I pray this finds you well and in good spirits as our nation continues to adjust to the “new normal” surrounding the COVID-19 pandemic. In the latest communication from our diocese, all public in-person worship gatherings and events have been suspended through April 4th.

The effects of this crisis are devastating in many ways, including to the corporate prayer life of the church. Yet this does present an opportunity to familiarize ourselves with the gift of the Daily Office, whereby we are able to pray liturgically “together” as the body of Christ, even though we may be physically separated.

The only tools you need to pray the Daily Office are a Book of Common Prayer and a Bible. Once you learn the pattern, and where and when to choose your options, it’s very easy to incorporate this daily prayer discipline at home. We’ve even made a short video to help!

Below are some notes from the video you can reference:

The Pattern:

  • Versicle
    • It always starts with an opening bit Versicle. What’s a Versicle?  It’s like a verse, but shorter.
  • Invitatory
    • Next there is the Invitatory, which is an invitation to worship. It’s like, “Let’s do this!” They are some seasonal options for the Invitatory, but not many.
  • Psalms
    • Next is the Psalms. Now we’re at the heart of the Daily Office. Psalms, Psalms, and more Psalms. The Psalter is like the prayer book of the Bible. If you pray Morning and Evening Prayer every day, you will read through all 150 psalms in a month.
  • Scripture Reading and a Canticle
    • Next is a mini-pattern: a Scripture reading and a canticle. It’s like peanut butter and jelly. They go together. Scripture reading and a canticle. You can do this pattern once. You can do it twice. But they always go together, and in that order.
  • Apostles’ Creed
    • You probably know this.
  • The Lord’s Prayer
    • And this one too.
  • End Stuff
    • The End Stuff can include your own personal prayers of intercession and thanksgiving, and any number of special prayers for special occasions.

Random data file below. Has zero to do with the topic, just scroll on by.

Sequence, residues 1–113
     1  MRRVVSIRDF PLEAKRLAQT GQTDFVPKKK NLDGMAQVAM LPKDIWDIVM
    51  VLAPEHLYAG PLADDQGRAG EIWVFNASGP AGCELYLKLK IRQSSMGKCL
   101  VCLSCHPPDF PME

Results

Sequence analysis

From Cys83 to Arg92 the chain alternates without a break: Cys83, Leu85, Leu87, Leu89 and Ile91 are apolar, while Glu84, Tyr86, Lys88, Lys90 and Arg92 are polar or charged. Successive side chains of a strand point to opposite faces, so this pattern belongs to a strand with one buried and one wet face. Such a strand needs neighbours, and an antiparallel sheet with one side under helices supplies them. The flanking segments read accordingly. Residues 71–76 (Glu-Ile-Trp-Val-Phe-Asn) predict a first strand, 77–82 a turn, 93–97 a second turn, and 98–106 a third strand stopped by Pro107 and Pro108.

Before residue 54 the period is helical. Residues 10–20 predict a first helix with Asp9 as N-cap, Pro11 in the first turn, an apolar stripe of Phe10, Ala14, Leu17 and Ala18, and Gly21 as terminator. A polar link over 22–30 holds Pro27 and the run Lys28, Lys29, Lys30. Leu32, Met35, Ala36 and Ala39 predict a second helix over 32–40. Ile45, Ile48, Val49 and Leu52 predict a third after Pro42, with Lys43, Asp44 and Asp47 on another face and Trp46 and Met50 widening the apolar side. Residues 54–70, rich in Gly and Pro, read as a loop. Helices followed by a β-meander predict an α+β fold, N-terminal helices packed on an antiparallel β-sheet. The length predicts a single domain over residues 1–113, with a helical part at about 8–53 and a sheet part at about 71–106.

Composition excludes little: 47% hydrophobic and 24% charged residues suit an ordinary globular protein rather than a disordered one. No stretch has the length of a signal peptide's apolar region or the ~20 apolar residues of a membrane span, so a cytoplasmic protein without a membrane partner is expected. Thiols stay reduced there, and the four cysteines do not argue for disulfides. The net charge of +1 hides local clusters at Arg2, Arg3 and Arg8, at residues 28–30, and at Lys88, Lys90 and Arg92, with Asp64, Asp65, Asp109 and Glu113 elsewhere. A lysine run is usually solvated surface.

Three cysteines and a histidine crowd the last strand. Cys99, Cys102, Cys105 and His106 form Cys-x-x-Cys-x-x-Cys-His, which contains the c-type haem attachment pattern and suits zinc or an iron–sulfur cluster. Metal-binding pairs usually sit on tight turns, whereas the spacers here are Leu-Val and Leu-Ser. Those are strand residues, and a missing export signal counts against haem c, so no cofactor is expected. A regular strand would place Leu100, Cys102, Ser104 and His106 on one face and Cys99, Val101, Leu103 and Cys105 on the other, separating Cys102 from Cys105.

• It’s kind of like a “choose your own adventure.”
    • Remember, you’re praying, you can’t really mess it up!

Confused about the options?

In the back of the Prayer Book is the secret deciphering code where you can learn what psalms and Scripture readings are planned for what day of the week. This is called the Lectionary. It’s at the very back of the Prayer Book beginning on page 933.

The Office Lectionary is a two-year cycle: Year One and Year Two. How do you know what year you’re in? Simple! If it’s an odd number year, it’s Year One. Even number year (like 2020) it’s Year Two.

Next you locate the season of church year, and then the week within that season, then to the specific day. For each day you will find Psalms for Morning and Evening, and a set of three Scripture readings. 

What about the Canticles? These are songs, mostly from the Bible, designed for liturgical worship. Suggested Canticles for Morning and Evening Prayer are found on page 144-145 in the Prayer Book.

What else is there?

That’s it! That’s all there is to it!

There are many Daily Office resources online. They make praying the Office incredibly convenient. I have used them many times, especially if I find myself “on the go.” They include: bookofcommonprayer.net, bcponline.org , and missionstclare.com

That said, nothing beats sitting down with a real Bible, a real Prayer Book, and flipping through some pages and choosing your own adventure.

As the saying goes, “Give a person an online version of the Daily Office, they can pray for a day. Teach a person how to pray the Office using a Prayer Book and Bible, they can pray for a lifetime!”

Have fun! Be patient with yourself!

May Our Crucified and Risen Lord Jesus Christ grant you an abundance of His saving grace and mercy through your daily prayers.

In Christ,

Fr. Doran Stambaugh